Not literally or anything, but it appeared to be packed this past weekend. And I asked them, I says, “Is this a free day or something?” And they’re all like, no, it’s just a regular old three-day weekend, just business as usual.
Now, I’ve heard all the complaints. Let’s deal with them, below.
Become a member or get your tickets online ahead of time, and then you avoid this line around the building.
Click to expand.
“The CalAcademy is too small.”
All right, I’ll tell you I was never in there at the old building – I understand it had cool stuff that you miss. But some people, especially the NIMBY neighbors in the nearby Inner Sunset area, think the new building is too big, too popular. The Academy couldn’t continue with the old building due to earthquake concerns – what was considered a safe enough building before in the last century is no longer considered safe enough now. Sorry. (Damn you, San Andreas Fault, damn you.)
“The CalAcademy is too crowded.”
So they must be doing something right, right? What you’re saying, in a way, is that the CalAcademy is too cheap.
“The CalAcademy is too crowded with kids.”
Yep, especially when those school buses roll up. Oh well. The Academy has a mission of public education, does it not? That’s for the benefit of California’s kids. Does that directly benefit you today right now? Maybe not. Sorry.
“The CalAcademy is too expensive.”
Well, this ties in with the first complaint. How can it too expensive if it’s packed all the time? You know how much the Monterey Bay Aquarium is these days? $30. If you live in San Francisco, you’re entitled to something like 20 days of free admission per year plus a free NightLife entry on your birfday (assuming the stars align and they’re having a NightLife around the time of your birthday.)
“Them free days, they’re even more crowded.”
Well, yeah. Get there early, why don’t you? (Or get there late in the day, when there’s less of a line (tho your chances of getting into the Planetarium and/or rainforest dome will be lower). The Bernard Osher Foundation Third Wednesday of the Month Free program is open to all, so of course it gets crowded those days. But the zip-code based free days are less crowded, so San Franciscans, including you born-and-raised-San Franciscans, you old goats, get six of those not-so-crowded days a year.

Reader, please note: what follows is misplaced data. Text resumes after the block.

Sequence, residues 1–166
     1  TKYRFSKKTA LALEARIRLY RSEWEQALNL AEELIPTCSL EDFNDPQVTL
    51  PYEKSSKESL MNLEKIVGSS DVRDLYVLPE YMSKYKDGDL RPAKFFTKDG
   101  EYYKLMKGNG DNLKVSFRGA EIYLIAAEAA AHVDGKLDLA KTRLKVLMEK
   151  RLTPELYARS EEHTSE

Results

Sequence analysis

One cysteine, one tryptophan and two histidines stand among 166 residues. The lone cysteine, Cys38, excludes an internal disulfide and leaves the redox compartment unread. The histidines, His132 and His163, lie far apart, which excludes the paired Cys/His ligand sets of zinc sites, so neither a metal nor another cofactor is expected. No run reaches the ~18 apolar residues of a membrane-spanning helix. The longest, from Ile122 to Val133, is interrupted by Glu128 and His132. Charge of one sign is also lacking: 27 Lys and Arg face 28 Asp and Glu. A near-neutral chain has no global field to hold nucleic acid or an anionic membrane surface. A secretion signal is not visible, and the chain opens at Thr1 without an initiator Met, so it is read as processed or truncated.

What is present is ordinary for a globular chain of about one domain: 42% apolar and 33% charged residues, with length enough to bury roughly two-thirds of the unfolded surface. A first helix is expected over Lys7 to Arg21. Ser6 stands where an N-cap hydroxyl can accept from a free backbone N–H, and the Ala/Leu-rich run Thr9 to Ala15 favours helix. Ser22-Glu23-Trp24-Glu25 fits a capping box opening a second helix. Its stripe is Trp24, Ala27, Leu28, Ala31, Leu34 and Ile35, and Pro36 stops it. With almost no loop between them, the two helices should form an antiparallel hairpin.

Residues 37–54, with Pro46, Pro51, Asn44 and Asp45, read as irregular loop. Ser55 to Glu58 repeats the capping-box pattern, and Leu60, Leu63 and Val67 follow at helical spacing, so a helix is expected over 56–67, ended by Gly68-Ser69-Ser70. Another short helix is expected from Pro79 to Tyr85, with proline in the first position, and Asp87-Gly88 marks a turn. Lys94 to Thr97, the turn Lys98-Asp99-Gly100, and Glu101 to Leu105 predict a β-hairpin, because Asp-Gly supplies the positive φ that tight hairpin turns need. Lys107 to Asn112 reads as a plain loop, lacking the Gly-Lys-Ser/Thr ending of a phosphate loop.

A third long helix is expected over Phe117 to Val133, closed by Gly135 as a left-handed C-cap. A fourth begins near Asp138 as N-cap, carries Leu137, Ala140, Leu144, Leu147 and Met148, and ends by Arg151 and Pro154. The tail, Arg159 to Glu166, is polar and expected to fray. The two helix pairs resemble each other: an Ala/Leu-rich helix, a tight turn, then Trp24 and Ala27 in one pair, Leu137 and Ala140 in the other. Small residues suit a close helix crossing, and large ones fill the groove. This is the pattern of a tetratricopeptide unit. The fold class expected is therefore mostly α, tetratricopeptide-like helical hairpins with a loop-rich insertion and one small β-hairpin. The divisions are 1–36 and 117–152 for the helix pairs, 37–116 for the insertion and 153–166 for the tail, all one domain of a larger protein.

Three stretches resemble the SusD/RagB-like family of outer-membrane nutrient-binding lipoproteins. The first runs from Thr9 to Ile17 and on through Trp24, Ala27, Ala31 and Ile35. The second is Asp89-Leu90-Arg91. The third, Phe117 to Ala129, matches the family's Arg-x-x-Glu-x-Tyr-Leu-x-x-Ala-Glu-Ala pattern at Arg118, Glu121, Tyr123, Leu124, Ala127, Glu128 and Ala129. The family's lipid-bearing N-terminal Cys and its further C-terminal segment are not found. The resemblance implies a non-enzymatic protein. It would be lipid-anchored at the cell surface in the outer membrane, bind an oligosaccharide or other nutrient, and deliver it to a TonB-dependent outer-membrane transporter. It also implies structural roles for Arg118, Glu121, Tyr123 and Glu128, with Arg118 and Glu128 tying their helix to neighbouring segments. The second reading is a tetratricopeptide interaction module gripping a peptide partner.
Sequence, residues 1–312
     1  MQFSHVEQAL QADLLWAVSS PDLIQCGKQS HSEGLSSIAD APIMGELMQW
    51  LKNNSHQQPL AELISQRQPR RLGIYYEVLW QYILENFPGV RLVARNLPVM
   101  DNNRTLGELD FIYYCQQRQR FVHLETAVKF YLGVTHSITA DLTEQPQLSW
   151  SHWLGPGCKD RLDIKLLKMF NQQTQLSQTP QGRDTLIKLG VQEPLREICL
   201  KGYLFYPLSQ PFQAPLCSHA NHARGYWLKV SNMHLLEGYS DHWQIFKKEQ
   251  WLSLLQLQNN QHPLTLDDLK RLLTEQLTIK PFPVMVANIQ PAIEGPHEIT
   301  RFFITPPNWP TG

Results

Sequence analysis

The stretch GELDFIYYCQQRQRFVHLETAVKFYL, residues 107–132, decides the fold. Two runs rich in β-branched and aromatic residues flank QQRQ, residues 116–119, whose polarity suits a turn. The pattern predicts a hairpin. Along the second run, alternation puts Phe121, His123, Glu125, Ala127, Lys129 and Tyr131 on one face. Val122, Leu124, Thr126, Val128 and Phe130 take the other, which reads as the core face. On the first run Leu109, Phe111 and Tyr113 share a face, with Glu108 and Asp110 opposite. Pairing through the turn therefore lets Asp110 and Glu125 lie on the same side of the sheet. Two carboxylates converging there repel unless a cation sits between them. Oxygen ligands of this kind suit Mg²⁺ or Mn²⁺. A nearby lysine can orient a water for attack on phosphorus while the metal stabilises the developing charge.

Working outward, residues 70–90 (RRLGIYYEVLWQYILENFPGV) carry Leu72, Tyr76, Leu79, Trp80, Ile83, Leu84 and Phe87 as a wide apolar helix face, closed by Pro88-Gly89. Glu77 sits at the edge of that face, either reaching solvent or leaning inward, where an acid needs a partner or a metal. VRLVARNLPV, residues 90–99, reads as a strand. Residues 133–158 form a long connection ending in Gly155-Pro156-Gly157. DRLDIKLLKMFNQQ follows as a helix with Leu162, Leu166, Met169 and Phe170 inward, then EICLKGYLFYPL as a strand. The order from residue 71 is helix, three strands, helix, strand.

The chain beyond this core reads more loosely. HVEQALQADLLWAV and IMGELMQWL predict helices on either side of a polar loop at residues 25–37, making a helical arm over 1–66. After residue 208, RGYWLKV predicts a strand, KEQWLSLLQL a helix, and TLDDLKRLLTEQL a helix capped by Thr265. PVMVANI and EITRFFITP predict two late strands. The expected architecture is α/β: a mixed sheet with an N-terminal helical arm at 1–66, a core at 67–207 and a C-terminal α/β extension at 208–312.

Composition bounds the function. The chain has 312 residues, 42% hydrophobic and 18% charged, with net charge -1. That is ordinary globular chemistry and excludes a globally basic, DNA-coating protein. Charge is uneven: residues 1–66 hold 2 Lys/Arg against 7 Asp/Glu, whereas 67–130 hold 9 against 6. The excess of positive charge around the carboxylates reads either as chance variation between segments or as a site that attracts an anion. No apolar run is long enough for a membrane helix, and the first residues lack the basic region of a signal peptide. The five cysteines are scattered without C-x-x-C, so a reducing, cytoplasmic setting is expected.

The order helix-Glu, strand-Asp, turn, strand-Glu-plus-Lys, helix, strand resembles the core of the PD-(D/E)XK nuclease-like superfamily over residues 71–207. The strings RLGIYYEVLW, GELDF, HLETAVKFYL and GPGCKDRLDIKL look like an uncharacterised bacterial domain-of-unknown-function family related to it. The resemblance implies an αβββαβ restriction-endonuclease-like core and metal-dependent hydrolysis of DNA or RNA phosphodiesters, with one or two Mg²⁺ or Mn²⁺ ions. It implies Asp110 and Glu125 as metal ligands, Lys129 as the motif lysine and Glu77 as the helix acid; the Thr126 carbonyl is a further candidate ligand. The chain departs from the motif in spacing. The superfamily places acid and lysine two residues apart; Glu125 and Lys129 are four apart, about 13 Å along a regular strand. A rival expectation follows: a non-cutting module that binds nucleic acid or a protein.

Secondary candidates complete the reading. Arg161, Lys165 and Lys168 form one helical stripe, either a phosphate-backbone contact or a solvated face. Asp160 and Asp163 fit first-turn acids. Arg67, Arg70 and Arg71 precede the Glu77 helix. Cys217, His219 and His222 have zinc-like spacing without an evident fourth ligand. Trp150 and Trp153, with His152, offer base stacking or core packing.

“The food’s too expensive.”
Check out the nearby Inner Sunset area for food if you want. It’s walkable. Get yourselves a perfectly cromulent fat burrito at Gordo’s at 1239 9th Avenue near Lincoln. Get it to-go and have an outdoor picnic.
“The rainforest was closed when I was there.”
Yep, sometimes. Life’s like that. They don’t keep this kind of info a big secret, however.
“There’s no place to park.”
Maybe – that’s by design, in a way. Actually, you’re lucky to have that underground parking garage whether you use it or not, so count your blessings. Whatever you do, don’t drive into Golden Gate Park, big mistake on busier days. Think Fulton, think Lincoln, think about spending ten minutes walking through the park to get the CalAcademy. That’s not a bug, that’s a feature. And on Sundays, all parking is free in the surrounding Inner Sunset and Inner Richmond areas – it’s totally wide open. Might not be as easy to park as you’re used to, but you can deal. And there’s plenty of bike parking since they added in a bunch of new spaces.
Here’s the thing – you gotta work the system, baby. Plan ahead, try to figure out when the place has fewer patrons, check the schedule, make a beeline to the Planetarium to get your free show passes as soon as you get in, monitor the rainforest line to see when it’s shorter.
So, if you’re unhappy customer, you gotta think:
1. Maybe your expectations were too high because you didn’t plan ahead (which isn’t the CalAcademy’s fault), or;
2. Maybe the CalAcademy isn’t for you (which isn’t the CalAcademy’s fault)
And all you NIMBY neighbors, please realize that the CalAcademy was here even before you.
Let’s thank Gaia we’re not saddled with some big hulking wreck that nobody wants to go to.
See you there!